“The instructor should have been given a clearer explanation, sooner, of the inadequacy of the materials he submitted,” according to the report.
It was found from Yale University’s Vice President for Global Strategy Pericles Lewis’ consultations with leaders of Yale-NUS, including college president Tan Tai Yong, three vice presidents, the dean of students and the dean of faculty that the cancellation was “a result of administrative errors”, according to a report on Sat (28 Sep).
Such a finding is contrary to critics’ assertion that the cancellation is symptomatic of a lack of academic freedom at Yale-NUS, Lewis added.
Lewis was urged by Yale University president Peter Salovey to conduct a review on the cancellation of the programme.
In a statement on 14 Sep, Salovey said: “When I learned of this impending decision, I expressed my concern to the president of the National University of Singapore and the president of Yale-NUS.”
“In founding and working with our Singaporean colleagues on Yale-NUS, Yale has insisted on the values of academic freedom and open inquiry, which have been central to the college and have inspired outstanding work by faculty, students, and staff: Yale-NUS has become a model of innovation in liberal arts education in Asia.
“Any action that might threaten these values is of serious concern, and we at Yale need to gain a better understanding of this decision,” he added.
Salovey also revealed that he has asked Yale-NUS’ founding president Pericles Lewis to “conduct fact-finding”.
“[The decision] did not, in my view and the view of all the participants I met, infringe on the academic freedom of the proposed instructor or of anyone at the College,” said Lewis in the report.
Lewis, who was also the founding president of Yale-NUS, however also concluded that the Curriculum Committee should have been involved more continuously and the legal risk assessment, particularly to international students, should have taken place sooner.
Yale’s narrative of events “has given rise to a caricature of myself as defiant, reckless and incompetent”: Playwright Alfian Sa’at
Last week on 2 Oct, Alfian broke his silence on the issue, following a report by Yale regarding findings from a review on the cancellation of the programme.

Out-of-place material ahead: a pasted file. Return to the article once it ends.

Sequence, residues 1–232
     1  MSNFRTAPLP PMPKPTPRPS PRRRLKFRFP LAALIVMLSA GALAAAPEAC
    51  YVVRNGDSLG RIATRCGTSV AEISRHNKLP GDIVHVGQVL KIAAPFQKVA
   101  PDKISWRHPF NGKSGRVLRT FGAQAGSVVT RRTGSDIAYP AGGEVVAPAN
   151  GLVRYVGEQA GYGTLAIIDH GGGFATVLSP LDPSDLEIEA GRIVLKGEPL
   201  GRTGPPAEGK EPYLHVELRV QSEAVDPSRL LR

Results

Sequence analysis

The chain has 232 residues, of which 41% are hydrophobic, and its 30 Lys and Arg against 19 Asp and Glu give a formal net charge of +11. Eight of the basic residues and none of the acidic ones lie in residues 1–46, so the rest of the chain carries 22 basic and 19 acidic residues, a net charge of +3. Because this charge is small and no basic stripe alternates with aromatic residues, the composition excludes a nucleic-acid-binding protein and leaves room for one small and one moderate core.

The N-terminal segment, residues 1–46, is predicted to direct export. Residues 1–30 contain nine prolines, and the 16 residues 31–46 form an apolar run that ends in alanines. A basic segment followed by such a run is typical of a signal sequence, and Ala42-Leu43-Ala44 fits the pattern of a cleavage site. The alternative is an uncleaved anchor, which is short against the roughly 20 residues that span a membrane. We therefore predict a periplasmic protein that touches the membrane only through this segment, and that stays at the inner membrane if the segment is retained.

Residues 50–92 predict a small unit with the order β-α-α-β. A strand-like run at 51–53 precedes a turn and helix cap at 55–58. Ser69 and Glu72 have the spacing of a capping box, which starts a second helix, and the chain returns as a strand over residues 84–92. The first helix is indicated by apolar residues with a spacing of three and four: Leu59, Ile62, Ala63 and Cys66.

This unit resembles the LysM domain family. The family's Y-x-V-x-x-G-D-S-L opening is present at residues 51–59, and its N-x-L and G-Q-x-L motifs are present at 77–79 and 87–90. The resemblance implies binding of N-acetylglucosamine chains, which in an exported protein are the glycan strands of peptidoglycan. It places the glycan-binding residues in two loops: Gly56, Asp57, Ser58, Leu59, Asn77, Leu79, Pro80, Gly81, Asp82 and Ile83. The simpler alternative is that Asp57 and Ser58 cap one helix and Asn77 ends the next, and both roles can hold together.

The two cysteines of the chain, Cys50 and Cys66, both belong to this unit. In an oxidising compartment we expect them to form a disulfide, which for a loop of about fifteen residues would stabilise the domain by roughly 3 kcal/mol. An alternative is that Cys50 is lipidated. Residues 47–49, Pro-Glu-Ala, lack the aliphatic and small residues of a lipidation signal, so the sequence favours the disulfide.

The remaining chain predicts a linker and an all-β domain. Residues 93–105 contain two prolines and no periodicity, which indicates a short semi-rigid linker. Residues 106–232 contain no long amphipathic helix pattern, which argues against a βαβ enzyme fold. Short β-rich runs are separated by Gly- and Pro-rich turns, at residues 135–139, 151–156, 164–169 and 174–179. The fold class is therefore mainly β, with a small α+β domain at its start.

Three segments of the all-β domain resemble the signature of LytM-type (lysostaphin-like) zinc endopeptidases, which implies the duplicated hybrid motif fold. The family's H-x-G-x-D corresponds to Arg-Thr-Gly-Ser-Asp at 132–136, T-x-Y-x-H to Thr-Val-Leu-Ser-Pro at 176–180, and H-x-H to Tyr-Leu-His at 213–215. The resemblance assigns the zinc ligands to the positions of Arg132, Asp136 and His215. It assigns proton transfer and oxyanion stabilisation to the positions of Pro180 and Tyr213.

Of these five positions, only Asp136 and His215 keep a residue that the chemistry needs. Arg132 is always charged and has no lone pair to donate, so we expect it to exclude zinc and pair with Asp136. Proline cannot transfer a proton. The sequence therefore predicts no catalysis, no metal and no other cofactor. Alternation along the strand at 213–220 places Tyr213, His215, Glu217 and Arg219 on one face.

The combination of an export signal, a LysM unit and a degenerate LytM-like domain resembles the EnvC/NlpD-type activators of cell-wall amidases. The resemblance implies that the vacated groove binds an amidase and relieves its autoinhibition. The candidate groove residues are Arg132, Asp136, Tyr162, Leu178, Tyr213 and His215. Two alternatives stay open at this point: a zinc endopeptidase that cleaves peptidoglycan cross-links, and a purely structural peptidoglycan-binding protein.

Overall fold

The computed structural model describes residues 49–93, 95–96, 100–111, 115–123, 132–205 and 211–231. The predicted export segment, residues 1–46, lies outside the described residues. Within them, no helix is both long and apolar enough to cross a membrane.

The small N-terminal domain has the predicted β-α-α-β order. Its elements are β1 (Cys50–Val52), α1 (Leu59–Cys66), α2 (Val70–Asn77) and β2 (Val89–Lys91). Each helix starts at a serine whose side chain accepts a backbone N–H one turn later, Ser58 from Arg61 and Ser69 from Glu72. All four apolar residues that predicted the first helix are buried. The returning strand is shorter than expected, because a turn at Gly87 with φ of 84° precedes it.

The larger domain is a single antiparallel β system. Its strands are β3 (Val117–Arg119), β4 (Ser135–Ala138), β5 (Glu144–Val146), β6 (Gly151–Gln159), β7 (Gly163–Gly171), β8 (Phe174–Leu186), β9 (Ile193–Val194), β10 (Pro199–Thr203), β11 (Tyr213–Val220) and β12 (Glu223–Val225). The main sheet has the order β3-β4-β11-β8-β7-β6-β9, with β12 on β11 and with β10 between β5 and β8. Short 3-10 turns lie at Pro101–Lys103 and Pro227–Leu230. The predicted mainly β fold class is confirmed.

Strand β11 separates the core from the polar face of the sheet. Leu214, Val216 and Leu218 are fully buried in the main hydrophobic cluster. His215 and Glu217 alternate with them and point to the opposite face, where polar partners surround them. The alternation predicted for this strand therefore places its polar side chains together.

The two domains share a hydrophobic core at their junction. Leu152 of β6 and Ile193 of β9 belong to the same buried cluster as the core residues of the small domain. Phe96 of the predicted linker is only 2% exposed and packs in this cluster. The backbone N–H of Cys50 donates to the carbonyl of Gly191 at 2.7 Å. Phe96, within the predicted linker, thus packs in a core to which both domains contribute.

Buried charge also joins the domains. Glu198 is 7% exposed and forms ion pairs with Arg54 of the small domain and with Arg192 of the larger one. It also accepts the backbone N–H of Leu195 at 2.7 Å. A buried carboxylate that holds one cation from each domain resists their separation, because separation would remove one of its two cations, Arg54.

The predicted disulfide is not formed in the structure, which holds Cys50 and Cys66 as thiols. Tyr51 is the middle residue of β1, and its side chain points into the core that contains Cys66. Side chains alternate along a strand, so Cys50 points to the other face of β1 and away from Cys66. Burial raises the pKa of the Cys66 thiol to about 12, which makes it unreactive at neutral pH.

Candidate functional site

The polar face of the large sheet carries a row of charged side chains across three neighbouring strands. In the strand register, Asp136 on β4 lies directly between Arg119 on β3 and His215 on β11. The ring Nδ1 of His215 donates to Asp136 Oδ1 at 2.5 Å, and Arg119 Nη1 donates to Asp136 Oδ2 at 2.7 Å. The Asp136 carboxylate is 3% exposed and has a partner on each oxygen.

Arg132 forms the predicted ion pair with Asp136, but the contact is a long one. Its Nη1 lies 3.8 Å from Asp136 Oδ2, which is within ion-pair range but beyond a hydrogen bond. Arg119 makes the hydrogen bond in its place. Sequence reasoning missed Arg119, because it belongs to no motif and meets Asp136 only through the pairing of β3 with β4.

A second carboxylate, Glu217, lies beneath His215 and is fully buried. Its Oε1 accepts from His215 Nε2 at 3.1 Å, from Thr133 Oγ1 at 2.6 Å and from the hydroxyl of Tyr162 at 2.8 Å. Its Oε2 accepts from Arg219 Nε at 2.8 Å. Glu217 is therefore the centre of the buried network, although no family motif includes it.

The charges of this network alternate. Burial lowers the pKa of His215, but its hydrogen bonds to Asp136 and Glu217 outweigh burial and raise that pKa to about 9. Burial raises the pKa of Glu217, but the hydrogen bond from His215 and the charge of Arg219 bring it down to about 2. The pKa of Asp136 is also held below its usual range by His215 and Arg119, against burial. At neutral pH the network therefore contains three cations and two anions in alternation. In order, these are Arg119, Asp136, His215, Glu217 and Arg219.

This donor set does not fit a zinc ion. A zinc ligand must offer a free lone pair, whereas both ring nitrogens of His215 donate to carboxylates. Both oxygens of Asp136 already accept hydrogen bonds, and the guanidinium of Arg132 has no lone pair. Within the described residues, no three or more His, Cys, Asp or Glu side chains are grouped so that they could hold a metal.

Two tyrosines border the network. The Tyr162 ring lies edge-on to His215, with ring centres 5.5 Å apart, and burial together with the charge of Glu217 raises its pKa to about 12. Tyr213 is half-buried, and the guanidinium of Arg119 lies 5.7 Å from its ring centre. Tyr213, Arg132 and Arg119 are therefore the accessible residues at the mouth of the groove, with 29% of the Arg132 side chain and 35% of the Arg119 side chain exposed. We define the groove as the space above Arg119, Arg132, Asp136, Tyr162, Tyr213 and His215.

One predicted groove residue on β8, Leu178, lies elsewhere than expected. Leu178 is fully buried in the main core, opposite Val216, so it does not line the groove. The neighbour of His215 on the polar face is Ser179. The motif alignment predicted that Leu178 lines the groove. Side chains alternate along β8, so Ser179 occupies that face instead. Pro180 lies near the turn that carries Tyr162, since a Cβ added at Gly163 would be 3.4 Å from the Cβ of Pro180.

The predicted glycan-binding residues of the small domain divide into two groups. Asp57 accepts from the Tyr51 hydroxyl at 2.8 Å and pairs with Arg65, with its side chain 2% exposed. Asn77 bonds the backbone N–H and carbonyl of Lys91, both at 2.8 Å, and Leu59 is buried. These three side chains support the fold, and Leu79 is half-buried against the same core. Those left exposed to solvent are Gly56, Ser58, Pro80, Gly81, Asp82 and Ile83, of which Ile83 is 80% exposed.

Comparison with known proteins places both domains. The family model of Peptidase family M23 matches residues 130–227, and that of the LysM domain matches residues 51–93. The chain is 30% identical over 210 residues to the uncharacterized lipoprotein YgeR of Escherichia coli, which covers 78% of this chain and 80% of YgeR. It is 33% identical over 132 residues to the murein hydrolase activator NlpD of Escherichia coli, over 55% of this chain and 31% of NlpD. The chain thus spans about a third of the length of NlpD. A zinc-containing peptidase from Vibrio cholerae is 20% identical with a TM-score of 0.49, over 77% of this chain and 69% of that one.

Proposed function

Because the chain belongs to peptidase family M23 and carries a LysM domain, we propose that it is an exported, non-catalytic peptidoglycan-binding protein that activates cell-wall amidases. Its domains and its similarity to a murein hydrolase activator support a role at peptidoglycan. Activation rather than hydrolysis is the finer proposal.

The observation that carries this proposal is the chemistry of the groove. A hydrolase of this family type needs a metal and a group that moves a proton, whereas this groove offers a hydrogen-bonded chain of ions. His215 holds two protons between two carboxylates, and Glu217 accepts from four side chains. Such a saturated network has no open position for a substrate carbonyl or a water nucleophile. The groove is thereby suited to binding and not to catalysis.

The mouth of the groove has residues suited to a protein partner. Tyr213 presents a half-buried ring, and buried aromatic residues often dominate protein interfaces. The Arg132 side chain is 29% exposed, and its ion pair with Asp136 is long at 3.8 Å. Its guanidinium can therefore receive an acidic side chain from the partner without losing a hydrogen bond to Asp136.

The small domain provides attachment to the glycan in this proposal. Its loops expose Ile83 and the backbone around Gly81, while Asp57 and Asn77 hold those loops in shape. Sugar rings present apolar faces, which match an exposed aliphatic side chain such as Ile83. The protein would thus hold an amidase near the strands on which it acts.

Commenting on the grounds of cancellation cited in Yale’s report, Alfian said that while he believes “it is the college’s prerogative to cancel it based on their own risk assessment or even evaluation of its academic merit”, the grounds of cancellation are immaterial to him in this case, and that the more important issue is the alleged blame-shifting placed upon him.
“I can say, in all honesty, that I do not care at all whether the decision to cancel the programme was made internally or whether there was external pressure.
“It is not my mission to find out why. But what I care about is that the college takes full responsibility for their decisions, and not try to shift the blame on my supposed non-compliance,” he said.
He stressed that “no issue regarding the programme’s lack of academic rigour had ever been raised” by Yale-NUS with him.
Alfian highlighted that some of the allegations included rejecting all revisions suggested by Yale-NUS, that he “insisted on compelling students to ‘simulate’ a protest”, and that he “was ignorant of the legal risks of international students carrying signs in Hong Lim Park”.
In response to the allegations, Alfian said: “This has given rise to a caricature of myself as defiant, reckless and incompetent.”
Alfian stressed that he did not “raise any objection” despite not being invited by Yale-NUS to staff meetings and town halls.
“Naively, I thought that this would be the ‘gentlemanly’ thing to do.
“To my surprise, a narrative was produced that was at odds with my own experience of interacting with the college. My silence was being taken advantage of,” he said.
Alfian lamented how “very easy” it is to paint an artist like him as the “troublemaker”, given that “the institution is to be trusted, and furthermore one that is supposed to be a liberal arts college”.
“I have struggled with making public my side of the story, because I do not know what the fallout will be.
“What will happen when it is proven that some members of a college–a college supposedly devoted to the pursuit of truth and knowledge and high principles–have been lying? Which junior staff members will have to take the rap? How will the administration be able to face their own students?” He said.